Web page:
The 2018 Australian Federal Budget announced integrity measures to clarify the concessional tax rates available for minors receiving income from Testamentary Trusts. From 1 July 2019, the benefit of adult marginal tax rates applying to distributions from Testamentary Trusts to minor beneficiaries will only be available for income generated from the assets placed in the Testamentary Trust by the deceased or the proceeds of the disposal or investment of those assets.
This is not a significant change, as this integrity issue has always been debatable where non-estate funds are added to a Testamentary Trust, although the changes do leave open the question of whether non-estate assets received before1 July 2019 qualify for the concessional treatment. That said, the Australian Taxation Office has taken a conservative view for some time which we have advised clients to follow despite some arguments to the contrary.
However, one question left open by the Budget is whether superannuation assets will be considered to be outside the deceased’s estate (as superannuation is held in a form of trust before death) and not qualify for the concessional tax treatment where they are distributed to the estate and held via a Testamentary Trust or a Superannuation Proceeds Testamentary Trust in their Will.
We now regularly advise our clients to have the option of a Superannuation Proceeds Testamentary Trust in their Wills due to the changes to superannuation last year forcing funds to be paid out of superannuation on death in certain circumstances. Our view is that if the deceased has a nomination directing the trustee to pay death benefits to the legal personal representative, then they will form part of the estate. However, until further details are published by the Government we cannot be certain.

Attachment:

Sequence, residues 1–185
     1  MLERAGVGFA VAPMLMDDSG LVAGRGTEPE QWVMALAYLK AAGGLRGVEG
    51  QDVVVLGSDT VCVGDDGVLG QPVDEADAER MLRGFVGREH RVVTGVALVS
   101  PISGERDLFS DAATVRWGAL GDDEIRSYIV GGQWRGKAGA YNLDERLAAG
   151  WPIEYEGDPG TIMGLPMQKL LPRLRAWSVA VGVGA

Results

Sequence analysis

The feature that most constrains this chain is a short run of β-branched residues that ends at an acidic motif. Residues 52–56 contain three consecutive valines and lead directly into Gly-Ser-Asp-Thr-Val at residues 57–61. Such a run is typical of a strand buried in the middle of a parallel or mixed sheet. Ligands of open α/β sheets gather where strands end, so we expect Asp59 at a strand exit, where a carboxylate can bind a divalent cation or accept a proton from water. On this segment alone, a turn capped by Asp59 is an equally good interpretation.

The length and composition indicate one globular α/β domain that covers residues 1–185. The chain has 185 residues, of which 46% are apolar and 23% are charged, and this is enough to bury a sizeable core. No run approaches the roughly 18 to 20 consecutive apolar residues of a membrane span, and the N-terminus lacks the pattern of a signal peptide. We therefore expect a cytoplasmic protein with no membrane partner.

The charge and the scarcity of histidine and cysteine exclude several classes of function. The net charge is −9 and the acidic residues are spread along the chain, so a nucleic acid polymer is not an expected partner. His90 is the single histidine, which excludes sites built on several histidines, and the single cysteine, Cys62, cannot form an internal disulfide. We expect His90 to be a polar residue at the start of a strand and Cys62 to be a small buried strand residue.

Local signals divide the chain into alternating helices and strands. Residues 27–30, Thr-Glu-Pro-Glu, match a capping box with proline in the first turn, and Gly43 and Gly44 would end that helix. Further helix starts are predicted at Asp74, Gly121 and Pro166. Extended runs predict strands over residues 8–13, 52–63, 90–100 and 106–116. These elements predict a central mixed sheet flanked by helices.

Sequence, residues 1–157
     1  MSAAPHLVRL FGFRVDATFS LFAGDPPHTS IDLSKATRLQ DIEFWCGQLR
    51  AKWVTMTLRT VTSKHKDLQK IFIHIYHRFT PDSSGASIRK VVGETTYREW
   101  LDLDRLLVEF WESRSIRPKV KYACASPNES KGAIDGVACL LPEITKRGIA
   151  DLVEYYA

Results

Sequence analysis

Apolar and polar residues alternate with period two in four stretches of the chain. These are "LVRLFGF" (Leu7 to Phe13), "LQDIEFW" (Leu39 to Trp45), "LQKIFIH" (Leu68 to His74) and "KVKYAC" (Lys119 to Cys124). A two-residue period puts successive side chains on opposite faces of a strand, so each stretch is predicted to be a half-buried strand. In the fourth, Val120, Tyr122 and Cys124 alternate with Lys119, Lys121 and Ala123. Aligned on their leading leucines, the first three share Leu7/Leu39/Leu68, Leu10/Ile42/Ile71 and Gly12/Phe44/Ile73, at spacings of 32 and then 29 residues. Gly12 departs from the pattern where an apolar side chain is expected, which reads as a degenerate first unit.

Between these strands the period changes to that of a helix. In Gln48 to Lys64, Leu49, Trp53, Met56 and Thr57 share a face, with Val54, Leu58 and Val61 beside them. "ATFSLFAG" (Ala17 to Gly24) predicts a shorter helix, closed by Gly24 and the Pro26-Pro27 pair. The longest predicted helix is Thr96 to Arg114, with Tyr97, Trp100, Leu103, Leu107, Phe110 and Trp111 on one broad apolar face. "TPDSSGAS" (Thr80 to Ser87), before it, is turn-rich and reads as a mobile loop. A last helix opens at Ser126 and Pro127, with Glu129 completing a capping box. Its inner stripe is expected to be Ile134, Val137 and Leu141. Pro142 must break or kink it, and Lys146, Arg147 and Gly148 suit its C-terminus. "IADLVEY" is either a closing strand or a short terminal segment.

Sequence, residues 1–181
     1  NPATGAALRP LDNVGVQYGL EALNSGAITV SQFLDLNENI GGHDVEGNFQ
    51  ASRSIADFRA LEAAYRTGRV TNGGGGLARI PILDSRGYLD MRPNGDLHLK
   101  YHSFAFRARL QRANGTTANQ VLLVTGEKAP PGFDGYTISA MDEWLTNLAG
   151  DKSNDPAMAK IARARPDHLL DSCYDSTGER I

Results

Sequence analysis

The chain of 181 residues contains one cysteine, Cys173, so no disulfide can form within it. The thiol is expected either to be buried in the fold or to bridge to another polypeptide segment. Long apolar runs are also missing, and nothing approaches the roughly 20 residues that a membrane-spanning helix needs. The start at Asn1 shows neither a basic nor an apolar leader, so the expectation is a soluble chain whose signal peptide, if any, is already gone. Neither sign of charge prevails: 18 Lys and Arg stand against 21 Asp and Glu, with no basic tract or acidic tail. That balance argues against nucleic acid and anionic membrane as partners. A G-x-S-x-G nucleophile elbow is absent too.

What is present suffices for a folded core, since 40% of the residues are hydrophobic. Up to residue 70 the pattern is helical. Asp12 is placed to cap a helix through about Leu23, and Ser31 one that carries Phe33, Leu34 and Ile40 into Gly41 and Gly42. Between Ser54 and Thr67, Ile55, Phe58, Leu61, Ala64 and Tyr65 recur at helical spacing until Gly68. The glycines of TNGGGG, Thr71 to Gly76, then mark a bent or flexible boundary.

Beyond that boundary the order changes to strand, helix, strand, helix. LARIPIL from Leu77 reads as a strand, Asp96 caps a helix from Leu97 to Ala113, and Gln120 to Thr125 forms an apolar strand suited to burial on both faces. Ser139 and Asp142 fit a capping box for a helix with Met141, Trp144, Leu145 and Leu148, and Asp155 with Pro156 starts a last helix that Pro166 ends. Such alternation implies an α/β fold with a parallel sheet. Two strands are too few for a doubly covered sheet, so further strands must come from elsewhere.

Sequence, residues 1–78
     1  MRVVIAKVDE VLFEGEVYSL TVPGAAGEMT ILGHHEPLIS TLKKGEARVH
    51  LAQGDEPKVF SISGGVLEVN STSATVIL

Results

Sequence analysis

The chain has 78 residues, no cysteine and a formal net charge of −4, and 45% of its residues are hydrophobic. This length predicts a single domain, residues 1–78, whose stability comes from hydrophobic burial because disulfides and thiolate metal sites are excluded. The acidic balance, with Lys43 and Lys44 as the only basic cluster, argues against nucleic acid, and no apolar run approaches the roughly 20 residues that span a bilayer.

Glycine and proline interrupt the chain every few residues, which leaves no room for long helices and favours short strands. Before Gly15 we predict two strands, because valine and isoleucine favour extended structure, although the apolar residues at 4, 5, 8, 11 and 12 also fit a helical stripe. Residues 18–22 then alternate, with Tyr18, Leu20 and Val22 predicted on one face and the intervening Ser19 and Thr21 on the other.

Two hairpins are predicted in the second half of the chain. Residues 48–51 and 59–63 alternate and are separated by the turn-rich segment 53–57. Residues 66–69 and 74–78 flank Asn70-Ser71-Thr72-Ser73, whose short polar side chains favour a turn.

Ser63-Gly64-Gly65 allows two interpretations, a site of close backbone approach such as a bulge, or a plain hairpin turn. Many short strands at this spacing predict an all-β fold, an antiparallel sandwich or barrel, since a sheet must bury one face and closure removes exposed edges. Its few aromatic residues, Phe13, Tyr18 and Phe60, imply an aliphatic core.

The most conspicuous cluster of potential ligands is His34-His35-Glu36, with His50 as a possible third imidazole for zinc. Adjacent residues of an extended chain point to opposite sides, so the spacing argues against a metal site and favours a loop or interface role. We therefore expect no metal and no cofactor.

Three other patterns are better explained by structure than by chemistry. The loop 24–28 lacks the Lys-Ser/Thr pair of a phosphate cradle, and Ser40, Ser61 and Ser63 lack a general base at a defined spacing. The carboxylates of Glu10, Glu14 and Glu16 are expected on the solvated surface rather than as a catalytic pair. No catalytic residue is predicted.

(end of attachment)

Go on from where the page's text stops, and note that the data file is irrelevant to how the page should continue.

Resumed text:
Even if the legislation does not adopt our view in respect of superannuation, Testamentary Trusts will continue to provide many benefits including:
- asset protection from creditors (as the assets are held by the trustee for the beneficiaries of the trust)
- some protection in family law disputes (depending on the circumstances) and the structure and control of the Testamentary Trust
- taxation benefits, including the ability to make distributions to a wide range of adult beneficiaries (determined by the trustee) allowing for tax effective distributions and
- significant concessional tax treatment for distributions to minors which lifetime trusts do not offer, as they are taxed at penalty rates. Children receiving income from Testamentary Trusts are instead taxed at ordinary adult marginal rates. The low income tax offset also continues to apply to income earned from Testamentary Trusts. The combined effect of this is that a child can receive up to $20,542 of income from a Testamentary Trust without income tax being payable (as at 1 July 2016 and assuming they receive no other income). The following is an example and the benefits are even greater the more minors there are, as the trust can last for up to 80 years from the date of death to potentially benefit grandchildren and great grandchildren:
- the adult pays the top marginal tax rate on their non-inheritance income
- the beneficiaries of the testamentary trust include three
- the low income rebate applies to the distributions to minors and
- the inheritance earns income of $60,000 per annum.
|No testamentary trust|
|Income distributed||($60,000)||Tax payable|
|Beneficiary||Income distributed ($60,000)||Tax payable|
|Tax saving per year= $28,200|
Testamentary Trusts and Superannuation Proceeds Testamentary Trusts can also be optional, allowing the estate to pass directly to a person or through to a Testamentary Trust or Superannuation Proceeds Testamentary Trust. This gives flexibility and means the executor can decide the best course of action at the time taking into account the tax treatment of the trust and all circumstances to decide whether it is worthwhile establishing it.